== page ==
Why so important?
This post by Suzie about the disproportionate impact that illegal abortion would have on the health and lives of women of color is interesting, but I’m not going to tangle with the arguments made in it. It’s more that it, and beginning the book The Nine: Inside the Secret World of the Supreme Court has set me on a tangent. Toobin and Suzie both are refreshingly honest about the fact that legal abortion is a defining political issue of our time, as much as many liberal dudes out there would like to just skip over it, or suggest that feminists who consider it a deal-breaker (or at least something to ride a politician’s ass hard about) are over-reacting. And in a sense, it’s bizarre that abortion looms so large, so large that Toobin claims that it’s the defining issue of judicial appointments, determines where they fall on the left/right scale. Bizarre because while I do believe it’s the most commonly performed surgery, the amount of effort aimed at both banning and keeping it is out of proportion to how common it is. And it’s weird because reasonable people understand that banning abortion would, at best, reduce the abortion rate for a couple of years while the black market kicks in, and then it would re-establish itself because the abortion rate is, like the drug market, driven by demand not supply. The number of women that will die under illegal abortion is unacceptably high, because a single death from banning a natural right is one death too many, but it’s never going to be high, especially not compared to the death and disability that results from car accidents or even gun accidents every year. It’s a major issue in practical terms, but it just doesn’t seem like it should matter as much as it does just strictly by the levels of social impact of legal vs. illegal abortion alone.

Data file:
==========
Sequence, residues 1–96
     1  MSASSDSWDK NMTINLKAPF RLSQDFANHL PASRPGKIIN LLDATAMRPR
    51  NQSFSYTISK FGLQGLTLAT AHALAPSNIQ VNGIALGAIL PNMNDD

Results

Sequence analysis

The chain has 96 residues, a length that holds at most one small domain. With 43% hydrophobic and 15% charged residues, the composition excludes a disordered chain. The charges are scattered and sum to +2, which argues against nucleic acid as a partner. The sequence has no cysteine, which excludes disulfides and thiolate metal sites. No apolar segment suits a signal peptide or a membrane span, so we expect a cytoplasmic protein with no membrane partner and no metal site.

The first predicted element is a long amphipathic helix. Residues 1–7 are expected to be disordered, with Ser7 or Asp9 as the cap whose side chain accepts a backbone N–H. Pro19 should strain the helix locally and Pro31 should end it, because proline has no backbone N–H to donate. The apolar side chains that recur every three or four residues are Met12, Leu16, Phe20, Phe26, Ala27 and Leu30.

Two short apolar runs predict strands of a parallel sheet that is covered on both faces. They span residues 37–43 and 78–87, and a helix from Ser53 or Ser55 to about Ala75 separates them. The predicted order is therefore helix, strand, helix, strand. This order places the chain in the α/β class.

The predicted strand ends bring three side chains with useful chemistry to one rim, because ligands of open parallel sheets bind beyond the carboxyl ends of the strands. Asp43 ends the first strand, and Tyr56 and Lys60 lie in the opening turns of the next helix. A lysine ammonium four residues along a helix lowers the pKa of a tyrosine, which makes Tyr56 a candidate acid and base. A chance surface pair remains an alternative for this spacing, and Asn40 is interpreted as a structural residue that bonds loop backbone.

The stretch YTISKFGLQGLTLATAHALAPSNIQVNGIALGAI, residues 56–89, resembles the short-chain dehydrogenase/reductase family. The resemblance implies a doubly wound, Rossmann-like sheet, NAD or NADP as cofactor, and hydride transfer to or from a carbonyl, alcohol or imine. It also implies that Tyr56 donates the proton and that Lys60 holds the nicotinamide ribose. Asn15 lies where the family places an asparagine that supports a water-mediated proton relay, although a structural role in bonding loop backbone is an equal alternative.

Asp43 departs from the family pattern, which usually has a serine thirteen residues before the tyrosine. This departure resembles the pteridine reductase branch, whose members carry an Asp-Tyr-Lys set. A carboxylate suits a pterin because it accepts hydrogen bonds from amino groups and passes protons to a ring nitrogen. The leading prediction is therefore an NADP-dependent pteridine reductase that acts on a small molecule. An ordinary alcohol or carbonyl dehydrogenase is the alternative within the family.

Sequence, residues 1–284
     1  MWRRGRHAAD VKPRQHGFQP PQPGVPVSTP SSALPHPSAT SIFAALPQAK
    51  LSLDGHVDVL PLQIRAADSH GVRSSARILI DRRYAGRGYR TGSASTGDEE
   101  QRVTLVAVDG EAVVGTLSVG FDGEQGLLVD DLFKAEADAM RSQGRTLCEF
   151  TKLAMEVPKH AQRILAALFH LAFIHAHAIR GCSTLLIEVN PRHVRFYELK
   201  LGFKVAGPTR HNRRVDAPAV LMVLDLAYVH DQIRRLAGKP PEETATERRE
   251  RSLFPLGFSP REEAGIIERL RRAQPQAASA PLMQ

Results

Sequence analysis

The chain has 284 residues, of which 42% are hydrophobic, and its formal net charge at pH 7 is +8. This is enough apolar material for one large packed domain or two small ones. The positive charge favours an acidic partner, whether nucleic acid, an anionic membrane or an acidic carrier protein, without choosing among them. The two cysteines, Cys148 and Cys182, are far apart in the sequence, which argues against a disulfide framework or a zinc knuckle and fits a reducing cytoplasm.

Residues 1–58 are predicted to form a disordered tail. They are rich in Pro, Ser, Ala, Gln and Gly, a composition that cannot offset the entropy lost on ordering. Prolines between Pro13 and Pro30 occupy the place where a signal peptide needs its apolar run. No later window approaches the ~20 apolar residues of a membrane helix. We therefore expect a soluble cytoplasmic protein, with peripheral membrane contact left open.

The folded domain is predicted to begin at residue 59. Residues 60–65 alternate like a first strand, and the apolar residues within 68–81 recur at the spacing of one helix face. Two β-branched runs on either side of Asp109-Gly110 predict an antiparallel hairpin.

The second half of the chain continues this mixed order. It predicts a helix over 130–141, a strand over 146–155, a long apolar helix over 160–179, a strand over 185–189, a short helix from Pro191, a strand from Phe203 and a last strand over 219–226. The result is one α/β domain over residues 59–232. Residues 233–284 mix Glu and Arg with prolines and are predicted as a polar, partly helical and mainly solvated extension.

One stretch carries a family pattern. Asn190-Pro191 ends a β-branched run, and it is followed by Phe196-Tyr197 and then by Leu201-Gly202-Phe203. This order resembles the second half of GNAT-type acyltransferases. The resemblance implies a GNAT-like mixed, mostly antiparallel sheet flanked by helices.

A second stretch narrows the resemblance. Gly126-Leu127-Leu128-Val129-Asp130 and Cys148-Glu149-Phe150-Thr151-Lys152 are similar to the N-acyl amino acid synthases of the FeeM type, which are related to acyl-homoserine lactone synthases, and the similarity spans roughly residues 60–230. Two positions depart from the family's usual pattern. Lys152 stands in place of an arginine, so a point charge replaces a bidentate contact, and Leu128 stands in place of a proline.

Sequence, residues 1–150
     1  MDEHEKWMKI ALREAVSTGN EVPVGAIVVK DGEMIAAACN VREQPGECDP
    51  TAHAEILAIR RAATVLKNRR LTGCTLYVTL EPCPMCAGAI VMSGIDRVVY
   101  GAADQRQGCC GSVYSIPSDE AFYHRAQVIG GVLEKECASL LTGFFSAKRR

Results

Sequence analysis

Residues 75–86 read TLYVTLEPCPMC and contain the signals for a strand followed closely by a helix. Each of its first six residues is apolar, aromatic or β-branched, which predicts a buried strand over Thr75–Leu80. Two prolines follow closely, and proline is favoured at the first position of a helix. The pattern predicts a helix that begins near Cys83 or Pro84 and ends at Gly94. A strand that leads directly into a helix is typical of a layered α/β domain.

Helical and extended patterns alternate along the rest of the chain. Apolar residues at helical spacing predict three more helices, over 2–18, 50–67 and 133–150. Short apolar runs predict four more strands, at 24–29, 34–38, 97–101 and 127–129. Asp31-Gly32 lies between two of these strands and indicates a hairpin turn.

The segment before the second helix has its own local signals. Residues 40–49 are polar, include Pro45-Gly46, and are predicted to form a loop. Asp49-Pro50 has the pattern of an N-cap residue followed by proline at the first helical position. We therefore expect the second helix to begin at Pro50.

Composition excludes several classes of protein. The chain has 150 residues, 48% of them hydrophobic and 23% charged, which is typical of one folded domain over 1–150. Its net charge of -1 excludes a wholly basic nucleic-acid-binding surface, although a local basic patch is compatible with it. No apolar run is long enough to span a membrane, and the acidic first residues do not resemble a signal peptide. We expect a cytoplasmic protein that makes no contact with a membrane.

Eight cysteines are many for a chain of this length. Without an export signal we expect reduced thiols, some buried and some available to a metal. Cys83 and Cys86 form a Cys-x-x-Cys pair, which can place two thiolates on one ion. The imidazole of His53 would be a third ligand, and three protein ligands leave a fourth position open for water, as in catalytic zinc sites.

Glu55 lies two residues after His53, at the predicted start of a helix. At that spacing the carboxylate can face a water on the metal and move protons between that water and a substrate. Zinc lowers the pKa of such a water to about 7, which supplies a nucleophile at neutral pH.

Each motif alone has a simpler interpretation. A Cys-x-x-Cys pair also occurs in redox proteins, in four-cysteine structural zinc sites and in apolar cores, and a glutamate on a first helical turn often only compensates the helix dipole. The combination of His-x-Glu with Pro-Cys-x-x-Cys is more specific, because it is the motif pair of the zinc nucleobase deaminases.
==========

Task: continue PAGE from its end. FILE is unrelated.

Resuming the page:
But of course, it’s never been just about the practical effects. Abortion looms large because it’s symbolic, specifically about whether or not our nation is going to take women’s equality seriously. Illegal abortion really is a perfect way to signal to women that they are second class citizens and no matter what they do, they’re wrong because they’re women. Let’s face it—abortion as a fallback plan is how women can “cheat” to get out of the conflicting social requirements to be sexually available to men and to be good girls who don’t do it, especially if they’re unmarried.* So if it’s illegal, society is officially shaming women for being women. You are required to be two things that are in direct conflict with each other, and if you can’t magically figure out how to make that happen, but have to “cheat” by relying on abortion, then you should be consigned to skulk in the shadows and consort with criminals in order to do it. I think this especially the right wing view of the issue, because obviously feminists have a more generous view of women’s sexuality and will happily argue that abortion is part of a toolkit of a woman’s right not just to get by in the world, but also to be sexual and to thrive. But even just on the matter of survival, the feminist viewpoint is that women shouldn’t have to lurk in the shadows, ashamed of basic measures they have to take to survive in this world. Legal abortion is an admission by society that women are citizens on par with men, and shouldn’t have to skulk in shadows, feeling guilty about basic survival.